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The surprising José Luis Postigo

This is how José Luis Postigo Guerra, one of the most recorded flamenco guitarists with 63 albums as acompanist, an inspired dancer (yes, you read that right), guitar collector and authority expresses himself.

“I was born in Nervión, Seville in 1950, my siblings were born in Marchena, my mother is from Málaga, Tolox, and my father is from Marchena.”

This is how José Luis Postigo Guerra, one of the most recorded flamenco guitarists with 63 albums as acompanist, an inspired dancer (yes, you read that right), guitar collector and authority expresses himself.

His path to flamenco is more complex than usual, a life full of anecdotes and wisdom. At the age of 7, he already enjoyed dancing and watching others dance. For 10 years, he studied with masters such as Enrique el Cojo, learning classical Spanish, regional, and bolero styles. Youth galas and various performances kept him busy, while he simultaneously developed a passion for the guitar. Gradually, he shifted from dancing to the six strings, leading to a brilliant career that includes the “Manolo de Huelva” Prize for accompaniment of singing and dancing in Córdoba in 1983, and the Prize from the Flamencology Chair of Jerez that same year.

From that point on, it was a rapid ascent to the heights of his profession. His name appeared as guitarist on the posters of almost all the festivals of that era, and he participated in an endless list of performances with the great stars of flamenco singing.

But one surprising trait defines him more than any other: a fascination, if not an obsession, with guitars. With extensive knowledge, he is a great accompanist and a guitar guru who has run a guitar shop for 45 years. He has been living his dream of being a guitar collector, the most important in the country, in his Casa de la Guitarra since 2012 in the traditional Santa Cruz neighborhood of Seville.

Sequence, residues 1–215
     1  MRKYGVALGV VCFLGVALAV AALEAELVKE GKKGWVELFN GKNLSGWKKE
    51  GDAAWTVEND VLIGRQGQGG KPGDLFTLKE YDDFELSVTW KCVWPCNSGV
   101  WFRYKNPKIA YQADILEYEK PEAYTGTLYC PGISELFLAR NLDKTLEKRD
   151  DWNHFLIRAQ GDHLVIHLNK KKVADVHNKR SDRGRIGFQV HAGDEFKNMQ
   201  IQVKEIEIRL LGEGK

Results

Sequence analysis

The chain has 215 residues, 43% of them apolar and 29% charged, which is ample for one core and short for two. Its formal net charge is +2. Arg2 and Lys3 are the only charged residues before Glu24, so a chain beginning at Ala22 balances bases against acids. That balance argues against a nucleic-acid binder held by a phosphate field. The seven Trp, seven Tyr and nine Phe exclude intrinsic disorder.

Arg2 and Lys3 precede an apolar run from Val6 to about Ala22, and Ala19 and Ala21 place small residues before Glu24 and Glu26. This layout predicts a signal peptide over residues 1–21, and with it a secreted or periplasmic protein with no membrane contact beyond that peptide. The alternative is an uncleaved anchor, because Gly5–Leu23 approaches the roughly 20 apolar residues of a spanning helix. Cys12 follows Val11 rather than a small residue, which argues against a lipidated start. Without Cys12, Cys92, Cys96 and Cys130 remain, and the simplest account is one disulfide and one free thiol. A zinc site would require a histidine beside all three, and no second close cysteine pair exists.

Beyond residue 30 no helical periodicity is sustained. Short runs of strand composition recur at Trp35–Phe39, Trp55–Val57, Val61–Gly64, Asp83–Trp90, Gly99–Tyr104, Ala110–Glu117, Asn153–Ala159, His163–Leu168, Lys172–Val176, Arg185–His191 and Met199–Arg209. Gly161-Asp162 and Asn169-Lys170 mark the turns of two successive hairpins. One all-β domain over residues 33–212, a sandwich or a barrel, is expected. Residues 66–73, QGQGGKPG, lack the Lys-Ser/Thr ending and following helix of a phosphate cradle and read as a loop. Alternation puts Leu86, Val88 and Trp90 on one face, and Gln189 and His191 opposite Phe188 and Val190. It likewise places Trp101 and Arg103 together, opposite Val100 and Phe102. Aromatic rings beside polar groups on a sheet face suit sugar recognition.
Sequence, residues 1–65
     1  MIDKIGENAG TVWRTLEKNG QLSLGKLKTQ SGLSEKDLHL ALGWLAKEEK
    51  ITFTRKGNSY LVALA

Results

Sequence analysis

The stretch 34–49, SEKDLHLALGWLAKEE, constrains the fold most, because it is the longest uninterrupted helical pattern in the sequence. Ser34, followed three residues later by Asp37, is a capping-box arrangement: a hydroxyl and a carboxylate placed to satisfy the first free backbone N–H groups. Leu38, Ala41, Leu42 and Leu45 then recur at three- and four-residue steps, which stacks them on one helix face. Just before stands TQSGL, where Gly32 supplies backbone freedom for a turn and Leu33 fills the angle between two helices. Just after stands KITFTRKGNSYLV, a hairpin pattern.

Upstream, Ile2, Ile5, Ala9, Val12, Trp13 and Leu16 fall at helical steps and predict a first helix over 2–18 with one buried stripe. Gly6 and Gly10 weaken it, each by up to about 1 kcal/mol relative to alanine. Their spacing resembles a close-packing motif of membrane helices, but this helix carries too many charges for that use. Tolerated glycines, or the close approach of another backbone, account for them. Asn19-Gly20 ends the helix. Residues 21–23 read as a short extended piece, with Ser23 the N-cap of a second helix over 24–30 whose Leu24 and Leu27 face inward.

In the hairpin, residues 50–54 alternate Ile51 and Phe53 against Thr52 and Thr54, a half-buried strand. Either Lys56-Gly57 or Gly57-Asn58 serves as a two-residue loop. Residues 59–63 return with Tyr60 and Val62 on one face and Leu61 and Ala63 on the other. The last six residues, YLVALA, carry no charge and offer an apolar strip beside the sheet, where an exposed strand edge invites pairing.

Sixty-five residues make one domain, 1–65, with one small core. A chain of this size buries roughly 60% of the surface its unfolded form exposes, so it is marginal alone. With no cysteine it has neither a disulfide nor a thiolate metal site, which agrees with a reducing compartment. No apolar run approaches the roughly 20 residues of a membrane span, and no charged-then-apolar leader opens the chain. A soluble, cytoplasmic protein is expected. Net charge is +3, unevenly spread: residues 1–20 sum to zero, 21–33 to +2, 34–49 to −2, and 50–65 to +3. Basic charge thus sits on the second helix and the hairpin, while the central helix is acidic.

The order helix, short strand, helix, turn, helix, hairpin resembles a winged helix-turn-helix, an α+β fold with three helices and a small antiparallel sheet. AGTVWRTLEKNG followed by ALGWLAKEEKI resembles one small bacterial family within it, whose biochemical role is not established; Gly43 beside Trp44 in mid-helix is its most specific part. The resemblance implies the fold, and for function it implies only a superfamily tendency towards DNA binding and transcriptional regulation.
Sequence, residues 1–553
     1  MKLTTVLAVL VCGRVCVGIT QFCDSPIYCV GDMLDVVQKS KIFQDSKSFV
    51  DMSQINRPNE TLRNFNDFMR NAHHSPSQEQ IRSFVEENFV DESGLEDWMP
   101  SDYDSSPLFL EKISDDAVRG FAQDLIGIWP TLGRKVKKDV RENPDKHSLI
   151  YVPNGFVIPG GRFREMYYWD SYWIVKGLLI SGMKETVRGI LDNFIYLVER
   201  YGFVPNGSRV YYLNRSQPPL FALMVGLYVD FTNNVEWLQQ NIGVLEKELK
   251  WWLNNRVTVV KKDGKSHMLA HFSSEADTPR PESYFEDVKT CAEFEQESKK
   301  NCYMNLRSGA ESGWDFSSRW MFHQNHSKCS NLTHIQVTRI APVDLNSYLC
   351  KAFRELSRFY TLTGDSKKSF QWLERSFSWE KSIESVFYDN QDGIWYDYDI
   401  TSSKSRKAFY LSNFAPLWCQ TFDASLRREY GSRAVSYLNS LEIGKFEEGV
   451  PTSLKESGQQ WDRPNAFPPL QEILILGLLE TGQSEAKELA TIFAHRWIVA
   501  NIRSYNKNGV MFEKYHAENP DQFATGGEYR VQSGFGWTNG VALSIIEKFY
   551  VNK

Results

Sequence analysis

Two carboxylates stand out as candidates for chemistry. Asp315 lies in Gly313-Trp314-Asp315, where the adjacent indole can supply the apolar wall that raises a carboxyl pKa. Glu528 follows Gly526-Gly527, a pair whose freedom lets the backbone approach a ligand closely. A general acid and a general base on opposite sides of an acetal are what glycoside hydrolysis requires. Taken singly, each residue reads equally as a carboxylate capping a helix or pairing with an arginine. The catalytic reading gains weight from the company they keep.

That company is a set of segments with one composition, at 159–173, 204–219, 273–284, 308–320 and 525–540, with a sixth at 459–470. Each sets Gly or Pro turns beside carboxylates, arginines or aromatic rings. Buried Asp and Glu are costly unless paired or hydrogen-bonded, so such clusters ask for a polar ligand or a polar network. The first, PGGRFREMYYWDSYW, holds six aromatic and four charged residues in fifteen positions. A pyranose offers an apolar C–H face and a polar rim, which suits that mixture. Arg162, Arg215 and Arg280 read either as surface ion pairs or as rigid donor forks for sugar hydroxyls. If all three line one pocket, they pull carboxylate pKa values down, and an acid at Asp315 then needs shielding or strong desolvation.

We had the following conversation with José Luis Postigo…



José Luis, congratulations on your magnificent and multifaceted career. We know you started as a dancer and continued in that specialty for 10 years. Then, due to a contractual circumstance, you took on the role of guitarist. But you were already very skilled with the guitar. Had you planned on making that change?

I didn’t have it planned, but I realized that what I liked most was the guitar. Pulpón [artistic agent] sent me to Torremolinos with a flamenco group as a dancer in the sixties. When we arrived, the director said he didn’t want a dancer, he wanted another guitarist. At that time, I’d been taking guitar lessons for two years, and I told him, “I’m also a guitarist, but my playing is for dance,” and I ended up staying for several months accompanying dance.

I returned to Seville and Pulpón got me in as a guitarist in Los Gallos. There were great stars there… La Paquera, Terremoto, Trini España, Matilde Coral, Farruco… many prominent artists.

I left Los Gallos in 1979 and started playing at festivals with Paco Taranto and Luis de Córdoba. At the end of the performances, I always danced a bit, just like Juan Habichuela, who also started out as a dancer.


I almost fell off my chair when I saw a bit of your bulerías dance infused with the sublime Triana style of Farruco and Rafael el Negro. Many guitarists have their cute little steps, but you take it further. What do you think of current dance trends in flamenco?

Nowadays, there’s excellent footwork in flamenco dance, although sometimes it seems like Kung-fu matches. But dance has progressed tremendously. I’m glad to hear my dance surprised you so much! As for current dance trends, I think it has evolved in many interesting ways. There’s a blend of tradition and new influences that have enriched flamenco. While some purists may have mixed opinions, personally, I believe diversity and innovation are positive for keeping this vibrant and emotional art form alive.